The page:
Wildlife Killing Contests: Legalized Evil

Wildlife killing contests are held regularly in New Mexico and many other states. They are organized events in which contestants compete for prizes by killing the most animals over a given time period.

Wildlife killing contests serve no legitimate management purpose.

They range from well publicized, sponsored events to informal contests announced on the Facebook pages of predator-killing enthusiasts. (There are many such pages, such as Predatormasters, Predator Hunting Dog Down, Kill Shit, NM Desert Dogs etc.)

Prizes are also sometimes offered for the largest and smallest animals killed.

The most common targets are coyotes, but other targets include foxes, prairie dogs, skunks, badgers, bobcats, and other unprotected species.

Contestants usually use high-powered firearms to kill their targets at long distances, often after luring them in with calling devices.

The AR-15 is a popular weapon among predator hunters. It is a modified version of a rifle developed for the military, accurate at long distances.

Prairie dogs are simply used for target practice without any pretense of “fair chase.”

Participants in prairie dog shoots enjoy the "red mist" that occurs when their targets are disintegrated by high powered rifles at distances of up to 800 yards. Is this "hunting"?

Wildlife killing contests are legal in every state except California. (Colorado limits the number of animals that can be killed by each participant to five, which is not much of a restriction.)

Wildlife killing contests happen because many species of wildlife are not legally protected.  In New Mexico, for example, there are seasons but no bag limits for furbearers such as bobcats and foxes, which means you can kill as many as you like during much of the year.

For other species, such as coyotes and prairie dogs, there is no protection at all. You can kill as many as you like at any time.

A five year old looks at a coyote killed in a Pennsylvania killing contest. What sort of values is he learning?

Wildlife killing contests give ethical hunters a bad name. Using animals for live target practice violates one of the core tenets of the North American Model of Wildlife Conservation: wildlife should only be killed for a legitimate purpose.

Advocates of wildlife killing contests often say that such events are needed to “manage” wildlife to prevent overpopulation, protect livestock or increase game animals. Science does not support these claims.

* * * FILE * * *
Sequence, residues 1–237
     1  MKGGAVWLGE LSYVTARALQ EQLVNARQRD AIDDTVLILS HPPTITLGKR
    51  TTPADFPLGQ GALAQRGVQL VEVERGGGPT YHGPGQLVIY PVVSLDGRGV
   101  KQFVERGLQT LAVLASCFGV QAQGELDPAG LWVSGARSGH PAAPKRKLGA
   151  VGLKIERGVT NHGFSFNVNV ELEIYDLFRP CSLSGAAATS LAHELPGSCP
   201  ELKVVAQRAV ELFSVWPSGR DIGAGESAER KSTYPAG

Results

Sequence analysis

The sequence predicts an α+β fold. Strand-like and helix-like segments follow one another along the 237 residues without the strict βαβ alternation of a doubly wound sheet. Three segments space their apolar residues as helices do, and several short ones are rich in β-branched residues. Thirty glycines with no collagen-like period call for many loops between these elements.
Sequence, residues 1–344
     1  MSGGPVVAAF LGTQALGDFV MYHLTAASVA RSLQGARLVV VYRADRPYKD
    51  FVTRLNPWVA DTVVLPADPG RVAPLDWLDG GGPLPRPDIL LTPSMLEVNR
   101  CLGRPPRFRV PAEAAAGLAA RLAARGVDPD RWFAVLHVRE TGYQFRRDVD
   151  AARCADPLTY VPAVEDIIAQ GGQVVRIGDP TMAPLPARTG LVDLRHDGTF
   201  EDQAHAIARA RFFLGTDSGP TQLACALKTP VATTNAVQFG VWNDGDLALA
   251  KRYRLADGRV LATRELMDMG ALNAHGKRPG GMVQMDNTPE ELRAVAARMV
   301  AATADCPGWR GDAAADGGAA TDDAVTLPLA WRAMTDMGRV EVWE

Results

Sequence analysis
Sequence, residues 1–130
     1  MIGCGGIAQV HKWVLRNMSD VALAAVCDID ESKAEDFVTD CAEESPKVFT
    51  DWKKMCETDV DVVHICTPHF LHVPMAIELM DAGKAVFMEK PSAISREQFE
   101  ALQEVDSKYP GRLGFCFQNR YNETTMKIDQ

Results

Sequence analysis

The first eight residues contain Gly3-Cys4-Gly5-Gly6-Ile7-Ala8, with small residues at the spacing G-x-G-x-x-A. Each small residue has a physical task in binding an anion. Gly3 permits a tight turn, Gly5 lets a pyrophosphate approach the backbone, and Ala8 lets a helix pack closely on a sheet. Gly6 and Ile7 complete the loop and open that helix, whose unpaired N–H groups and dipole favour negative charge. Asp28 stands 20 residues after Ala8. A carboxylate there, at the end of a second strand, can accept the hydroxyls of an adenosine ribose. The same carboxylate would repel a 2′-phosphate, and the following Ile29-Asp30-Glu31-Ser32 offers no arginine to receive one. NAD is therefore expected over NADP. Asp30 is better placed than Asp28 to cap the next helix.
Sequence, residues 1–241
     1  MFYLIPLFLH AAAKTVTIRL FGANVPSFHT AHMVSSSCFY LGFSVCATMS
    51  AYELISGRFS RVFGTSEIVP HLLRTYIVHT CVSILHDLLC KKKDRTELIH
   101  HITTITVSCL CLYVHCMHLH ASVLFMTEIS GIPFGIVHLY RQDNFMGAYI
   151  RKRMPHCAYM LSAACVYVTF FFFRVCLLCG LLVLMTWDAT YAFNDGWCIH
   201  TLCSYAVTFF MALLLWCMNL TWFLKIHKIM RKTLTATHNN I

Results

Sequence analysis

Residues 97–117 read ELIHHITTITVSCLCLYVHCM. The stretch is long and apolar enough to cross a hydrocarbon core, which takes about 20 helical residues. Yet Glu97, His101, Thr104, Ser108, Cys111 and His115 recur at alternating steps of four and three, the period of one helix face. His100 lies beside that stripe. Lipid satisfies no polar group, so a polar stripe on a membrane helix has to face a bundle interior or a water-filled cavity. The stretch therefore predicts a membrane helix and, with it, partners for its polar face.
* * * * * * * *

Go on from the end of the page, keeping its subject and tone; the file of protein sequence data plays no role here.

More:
Coyotes, for example, are self-regulating. Coyotes often mate for life. A pair will defend territories against other coyotes. When resident coyotes are removed, they are quickly replaced by new arrivals.

Coyotes are intelligent social animals.They often mate for life.

The indiscriminate killing associated with wildlife killing contests does not target specific coyotes that are attacking livestock.

There is evidence that wildlife killing contests may actually increase conflicts with livestock by leading to higher pup survival rates (and so more mouths for adults to feed), and increasing the number of younger, transient individuals that may be more predisposed to attack livestock.

Killing predators indiscriminately does not necessarily translate to more game animals since ungulate populations are often limited by other factors, like habitat and climate.

Wildlife killing contests ignore the ecological importance of target species. Coyotes, for example, help to keep prey populations in check, including rodents that carry human diseases such as hantavirus and plague. Prairie dogs are a keystone species upon which many other wildlife species depend to some extent.

Coyotes eat prodigious numbers of rodents, including species that carry human diseases such as hantavirus and plague.

While wildlife killing contests have little impact on overall coyote numbers, they disrupt pack family structure and causes needless suffering to individual animals, not just to those that are actually killed or wounded, but to those that are left orphaned and unable to fend for themselves.

Learn more about the science of coyote population management from this short video, featuring Dave Parsons of Project Coyote:

Wildlife killing contests undermine the economic benefits of wildlife to New Mexico. Non-consumptive users of wildlife comprise about one-third of the state’s population. They outnumber hunters and anglers by nearly two to one, and account for $328 million in annual expenditures related to wildlife-watching.

The Southwest Environmental Center is determined to outlaw wildlife killing contests in New Mexico.

A SWEC-led rally in Las Cruces last year helped persuade the Utah group Predator Masters to hold their annual coyote "hunt and convention" somewhere else.

What you can do

1) Sign the End Wildlife Killing Contests petition 

2) Contact Governor Susana Martinez and your state legislators. Tell them to support legislation to make wildlife killing contests illegal in New Mexico.

(505) 476-2200

Find your state legislator:

3) Help us make New Mexico the first state to ban wildlife killing contests through legislation. Click here to donate to the campaign.

4) Volunteer! We need all the help we can get, writing letters to the editor, making phone calls, attending rallies, etc. Contact Peter at peter@wildmesquite.org to sign up.

In the News

Check out these great articles and editorials on wildlife killing contests.

"Howling over coyote carcasses", Lauren Villagran

"No coyote deserves to die like this", editorial Arizona Republic

"Balance needed in laws dealing with coyotes", editorial Las Cruces Sun News

"Coyotes serve a purpose greater than target practice", Nathan Cote

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